How I Record
The way that I like to record is kind of a mix of the old with the new technology. Which means analog mixed with digital. In my lectures and clinics I explain about 1st and 2nd generation sound. My example is how right now, if you and I are talking, the sound goes from me to you, this is 1st generation. Now if I talk into a microphone on stage and the people hear my voice through the speakers, that is 2nd generation sound. It could sound great and be the greatest sound system in the world, but the speed is not the same and the quality is not the same. 1st generation will always be the most powerful because it is natural. Music and sound are pure energy, and when we record I like to record analog, using 2 inch tape on an old "Neve" board. Those are really great boards that everyone recorded on. They have a really natural sound, and you can get the very low sounds. If you record hitting a large drum you can hear the impact and the sound that the impact produces. The Beetles recorded on Neve boards.
Anyway, so after I do the main recording on the 2 inch analog tape, then I can go to a digital studio and download everything into a computer. Once it is in the computer I do little things like overdubs and I even mix it there. When it is finished I run the whole thing through the "Neve" again, and we do a final mix in analog. It finally ends up on a reel to reel tape with all the richness of analog, but also all the power and "clean" sound, of digital. From there it gets put on a disk and sent out for a final mastering. After the person who does the final mastering tweaks it, they send it back and I let them know what I don't like so that they can make those changes. We do this until it is as good as it can, be to my ears.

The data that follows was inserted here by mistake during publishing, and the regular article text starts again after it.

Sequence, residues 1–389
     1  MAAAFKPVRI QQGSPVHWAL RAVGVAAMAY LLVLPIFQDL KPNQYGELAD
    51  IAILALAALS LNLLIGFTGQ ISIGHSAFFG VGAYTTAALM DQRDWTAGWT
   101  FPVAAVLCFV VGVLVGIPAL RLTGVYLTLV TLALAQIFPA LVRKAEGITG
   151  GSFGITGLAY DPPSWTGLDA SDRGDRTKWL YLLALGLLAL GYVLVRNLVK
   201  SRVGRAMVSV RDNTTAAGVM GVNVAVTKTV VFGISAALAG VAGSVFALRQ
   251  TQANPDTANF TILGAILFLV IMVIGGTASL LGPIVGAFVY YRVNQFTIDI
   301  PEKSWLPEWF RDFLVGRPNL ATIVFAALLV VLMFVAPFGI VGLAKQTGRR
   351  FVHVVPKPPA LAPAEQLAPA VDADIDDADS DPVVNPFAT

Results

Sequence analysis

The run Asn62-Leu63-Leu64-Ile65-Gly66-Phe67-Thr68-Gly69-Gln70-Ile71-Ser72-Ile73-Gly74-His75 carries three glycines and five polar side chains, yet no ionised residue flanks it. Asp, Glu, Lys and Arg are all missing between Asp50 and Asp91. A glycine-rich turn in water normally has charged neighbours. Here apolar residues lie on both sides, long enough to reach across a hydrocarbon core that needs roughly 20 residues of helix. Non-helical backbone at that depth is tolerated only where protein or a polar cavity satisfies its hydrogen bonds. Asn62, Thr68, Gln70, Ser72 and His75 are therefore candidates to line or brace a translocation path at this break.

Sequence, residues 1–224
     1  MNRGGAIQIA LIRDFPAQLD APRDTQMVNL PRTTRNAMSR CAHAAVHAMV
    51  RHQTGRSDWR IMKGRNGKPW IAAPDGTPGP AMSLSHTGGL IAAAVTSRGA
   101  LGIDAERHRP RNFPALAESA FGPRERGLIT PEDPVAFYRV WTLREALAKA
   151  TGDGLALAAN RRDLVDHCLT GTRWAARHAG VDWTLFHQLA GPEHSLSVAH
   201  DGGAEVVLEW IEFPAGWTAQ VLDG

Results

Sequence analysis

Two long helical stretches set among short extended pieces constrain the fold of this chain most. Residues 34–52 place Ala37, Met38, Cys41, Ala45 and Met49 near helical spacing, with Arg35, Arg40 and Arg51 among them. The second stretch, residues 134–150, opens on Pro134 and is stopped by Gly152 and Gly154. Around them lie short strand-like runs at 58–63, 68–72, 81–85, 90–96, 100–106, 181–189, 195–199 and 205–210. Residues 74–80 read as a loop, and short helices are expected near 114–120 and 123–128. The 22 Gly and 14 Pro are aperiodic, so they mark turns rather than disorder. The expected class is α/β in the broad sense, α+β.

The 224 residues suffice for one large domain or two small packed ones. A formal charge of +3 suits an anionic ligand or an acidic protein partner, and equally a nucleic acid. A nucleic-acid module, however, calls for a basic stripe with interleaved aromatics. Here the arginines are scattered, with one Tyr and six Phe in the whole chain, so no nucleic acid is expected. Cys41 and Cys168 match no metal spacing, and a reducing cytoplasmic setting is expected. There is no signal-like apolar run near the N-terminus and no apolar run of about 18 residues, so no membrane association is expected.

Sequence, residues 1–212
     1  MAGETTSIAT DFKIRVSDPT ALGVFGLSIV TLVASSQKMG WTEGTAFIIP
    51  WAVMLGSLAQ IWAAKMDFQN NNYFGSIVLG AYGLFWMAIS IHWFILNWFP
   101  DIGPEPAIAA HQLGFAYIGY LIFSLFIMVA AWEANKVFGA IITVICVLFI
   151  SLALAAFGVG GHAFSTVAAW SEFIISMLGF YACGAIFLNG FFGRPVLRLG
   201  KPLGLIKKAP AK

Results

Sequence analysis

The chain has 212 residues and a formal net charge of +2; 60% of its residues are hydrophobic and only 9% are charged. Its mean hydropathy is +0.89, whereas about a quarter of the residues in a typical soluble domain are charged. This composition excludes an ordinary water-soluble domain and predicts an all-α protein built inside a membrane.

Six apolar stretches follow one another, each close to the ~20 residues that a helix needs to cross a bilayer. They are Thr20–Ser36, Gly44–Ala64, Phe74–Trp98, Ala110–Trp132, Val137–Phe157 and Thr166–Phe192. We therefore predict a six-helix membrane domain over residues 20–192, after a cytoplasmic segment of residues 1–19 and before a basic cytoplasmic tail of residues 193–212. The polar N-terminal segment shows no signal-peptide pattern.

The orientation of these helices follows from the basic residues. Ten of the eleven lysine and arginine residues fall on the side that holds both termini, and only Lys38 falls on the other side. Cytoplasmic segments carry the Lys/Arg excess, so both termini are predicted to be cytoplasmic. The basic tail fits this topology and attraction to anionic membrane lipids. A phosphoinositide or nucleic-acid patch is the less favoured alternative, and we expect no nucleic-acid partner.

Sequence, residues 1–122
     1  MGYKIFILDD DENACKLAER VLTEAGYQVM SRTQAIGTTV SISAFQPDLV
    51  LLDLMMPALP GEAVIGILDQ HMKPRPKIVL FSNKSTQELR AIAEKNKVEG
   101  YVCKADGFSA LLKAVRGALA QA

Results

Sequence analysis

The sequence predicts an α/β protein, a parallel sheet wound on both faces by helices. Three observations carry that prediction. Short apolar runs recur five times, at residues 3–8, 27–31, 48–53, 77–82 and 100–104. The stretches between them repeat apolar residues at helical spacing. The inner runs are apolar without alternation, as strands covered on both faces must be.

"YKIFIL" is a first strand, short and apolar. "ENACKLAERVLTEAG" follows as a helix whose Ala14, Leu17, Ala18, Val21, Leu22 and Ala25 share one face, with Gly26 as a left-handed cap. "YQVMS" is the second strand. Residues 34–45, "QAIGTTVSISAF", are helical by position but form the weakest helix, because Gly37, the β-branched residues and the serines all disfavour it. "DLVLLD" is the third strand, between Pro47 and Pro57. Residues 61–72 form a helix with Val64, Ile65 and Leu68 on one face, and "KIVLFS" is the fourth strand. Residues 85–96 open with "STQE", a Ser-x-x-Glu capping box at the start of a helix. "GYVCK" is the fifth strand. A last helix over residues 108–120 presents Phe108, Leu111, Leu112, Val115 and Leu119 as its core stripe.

That's the way I like to work, so I can't just walk into a digital studio and start chanting and playing, and expect to get a good recording. Percussion is like a voice. What I do needs that natural 1st generation sound. Now, of course there are lots of types of music that don't need a natural sound. Things like Hip-hop and dance music started in the digital era and sound like they should in 2nd generation.
Think of a camera, a digital camera takes good pictures, but if you want a great picture, something sharp, with depth and full of life, everyone uses a 35 mm. The analog.
I'm not "Old Fashion", but in my percussion I don't use any electronics, only a microphone that goes through the speakers and that is it. I don't need electronic things to make electronic sounds, because I can already make electronic sounds (Airto hits the table and then makes a bizarre sound that replicates the sound of "Static")
I used to record on the big Brazilian drum "Surdo" which is used for the main street samba in Brazil. It's a big metal drum about two or three feet high. This drum vibrates so much that the way you place the microphones and how far away you place them is a huge task. Usually the sound of the vibration gets lost and you only hear one shade of the instruments sound. You could hear it a little if you turned the sound way up, but then it would too much. The best way I ever found to record this drum was in a bathroom. I would just standup on top of the toilet and they would place three microphones. One at the bottom about five inches from the instrument and another at the top about five inches from the drum head and a third was two or three feet away to get the overtones. It was the best sound I ever got, it had all the reverb and all that "stuff". The two closer microphones recorded the impact and the resonance while the one farther away got the overtones. From there we could play with the levels of each mic.
Nowadays I play very soft with a light mallet, I don't hit hard like I used to. I just bring the microphone really close and have it very open with lots of volume this makes it so that when I play soft it is very powerful.
Well that is it for this story! I hope you found it interesting.